On Sunday night, Rachel returned from a weekend trip to the coast, complaining of diarrhea. She stayed home Monday. That night, I was awakened at around midnight by Rachel banging on the host family’s door. I got up to see, and found Rachel in pain. Thomas and I dressed quickly and decided that she needed to go to hospital. There are several in the area – a huge public one about 2 miles away , and several smaller private ones. We went to the cheaper of the two private ones, which was only 5 minutes walk down the road. We supported Rachel as we walked.
We knocked at the door and were let in at once. A young Guatemalan doctor was on duty and within a few minutes we were ushered into an examination room. He invited us to stay while he examined her, probably in the interests of propriety. I was able to figure out much of the conversation. The room was spotless, and seemed like a typical US hospital examination room. He asked her all the right questions – any blood in stool, where was the pain etc, and took her temperature and blood pressure. He than said that he did not want to give her drugs until he had examined her stool and blood. He also wanted her to stay the night. So we all traipsed off to a very nice private room – comfy bed, chairs, with TV and drip ready. Two nurses came and administered the drip. We then left, getting home about 130 am.
Thomas picked her the next morning. She was a new woman. They had found a type of parasite in her blood, and had given her suitable drugs. We were all pleased to see her restored to health. The total cost of the visit and drugs? 1300 Quetzales, or about $190. She paid this herself.
This of course provided an interesting topic for discussion at dinner time the next day. Thomas told us that the previous month, he had suffered serious heart pains, and had been taken to the public hospital (since they could not afford the private one). He had spent a week there. During this time he had had oxygen administered, electrocardiograms, and numerous other tests. They had given him drugs and discharged him when he had recovered. He seems fine now. The total cost? Zero.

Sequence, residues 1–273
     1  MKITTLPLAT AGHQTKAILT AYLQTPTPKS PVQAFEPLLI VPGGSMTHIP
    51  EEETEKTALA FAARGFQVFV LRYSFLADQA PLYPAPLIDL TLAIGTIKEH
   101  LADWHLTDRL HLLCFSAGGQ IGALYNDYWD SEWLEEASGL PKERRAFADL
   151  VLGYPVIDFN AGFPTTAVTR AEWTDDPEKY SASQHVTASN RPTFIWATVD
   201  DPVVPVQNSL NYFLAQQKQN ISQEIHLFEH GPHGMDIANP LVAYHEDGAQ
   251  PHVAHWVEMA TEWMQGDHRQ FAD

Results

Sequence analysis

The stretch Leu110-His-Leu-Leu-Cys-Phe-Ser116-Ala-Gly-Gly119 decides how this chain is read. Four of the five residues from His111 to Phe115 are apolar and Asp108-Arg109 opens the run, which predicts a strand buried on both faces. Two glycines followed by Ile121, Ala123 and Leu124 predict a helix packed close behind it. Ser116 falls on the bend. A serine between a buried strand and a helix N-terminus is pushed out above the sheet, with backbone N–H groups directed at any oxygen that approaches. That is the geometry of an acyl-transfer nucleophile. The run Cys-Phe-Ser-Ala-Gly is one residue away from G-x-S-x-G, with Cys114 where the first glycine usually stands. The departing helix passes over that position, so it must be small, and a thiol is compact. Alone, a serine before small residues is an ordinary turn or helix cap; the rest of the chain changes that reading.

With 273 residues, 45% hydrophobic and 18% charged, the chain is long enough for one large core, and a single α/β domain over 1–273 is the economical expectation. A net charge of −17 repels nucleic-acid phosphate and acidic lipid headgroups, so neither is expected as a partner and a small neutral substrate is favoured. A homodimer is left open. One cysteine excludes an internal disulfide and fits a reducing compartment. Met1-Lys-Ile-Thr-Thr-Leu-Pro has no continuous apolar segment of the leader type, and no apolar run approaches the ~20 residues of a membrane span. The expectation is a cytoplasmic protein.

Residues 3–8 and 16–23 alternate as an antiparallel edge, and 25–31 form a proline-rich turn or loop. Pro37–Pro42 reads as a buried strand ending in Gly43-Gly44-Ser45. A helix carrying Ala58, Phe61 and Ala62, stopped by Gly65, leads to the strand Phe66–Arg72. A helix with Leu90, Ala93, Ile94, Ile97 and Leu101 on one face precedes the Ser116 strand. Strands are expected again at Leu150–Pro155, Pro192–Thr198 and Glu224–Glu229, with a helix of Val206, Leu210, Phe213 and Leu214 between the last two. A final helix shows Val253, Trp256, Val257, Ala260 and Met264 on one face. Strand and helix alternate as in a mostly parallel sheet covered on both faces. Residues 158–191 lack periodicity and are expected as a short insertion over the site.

A view of the public hospital, which I visited on one of my walks early one morning. The green and white banners are for some type of celebration. Tomas says the lines can get long, but usually move quickly ones the doors open. Each person gets a number when he-she arrives. Emergencies enter immediately via a side gate.
Apparently, anyone in Guatemala can get free medical treatment. Tomas says that emergencies are handled immediately, but that other visits usually require waiting in line for several hours. I don’t know if one can make an appointment. There are also private hospitals, like the one Rachel went to, which are better equipped but are mostly for Los Ricos (the rich) and foreigners. At these one can make appointments.
Interestingly, medical treatment appears to be free at public hospitals even for visitors. Tomas recounted a story of one visitor who fell and injured her arm. They took her to the public hospital, where they X-rayed and bound up her arm. It was found to be fractured. She decided to fly back to the US for treatment, but I suspect they would have fixed her just fine down here. She paid nothing.
Juan and I described the cost of medical services in the USA, and the fact that more than 40 million people (including 8 million so kids) have no health insurance. Juan added that the very poor could usually get treated for free in an emergency, but that many people who were not destitute but who did not qualify for insurance through their work, could be bankrupted by a stay such as Tomas had. Juan estimated a stay such as Tomas’s would cost USD 30,000 to 50,000 – seems too large an estimate to me, but I don’t really know.
I described a young couple whom I know (no names). Both work but neither gets insurance though their companies. The cost to buy this on their own is $800 per month, which they can’t afford right now but are hoping to be able to early next year. For some time, she has had a lump in her breast. She has not dared have it examined before they get insurance, because if it is malignant, it will become a pre-existing condition and the insurance company won’t accept them. In the meantime, they are hoping it is benign.
I added that several years ago, a friend of ours died of breast cancer. It is a major killer of (mostly) poorer women in the USA, largely because they leave it too late to be treated.
Juan and I found it hard to explain how the richest country in the world could not afford to provide the same basic level of health care to all its citizens as could poor Guatemala. I also explained that the USA has the highest infant mortality rate in the developed world – nearly 3 times that of Japan. According to UNICEF, the US rate is about the same as in Cuba and Croatia.
Tomas and Rachel were amazed. Tomas said , No es Justo – It is not fair. He added that basic health care should be Un Derecho Humano, or a human right.
Maybe Michael Moore had it right, when he said, in the closing scenes of the movie Sicko, that the USA needs to change from a ‘Me’ generation to a ‘We’ generation.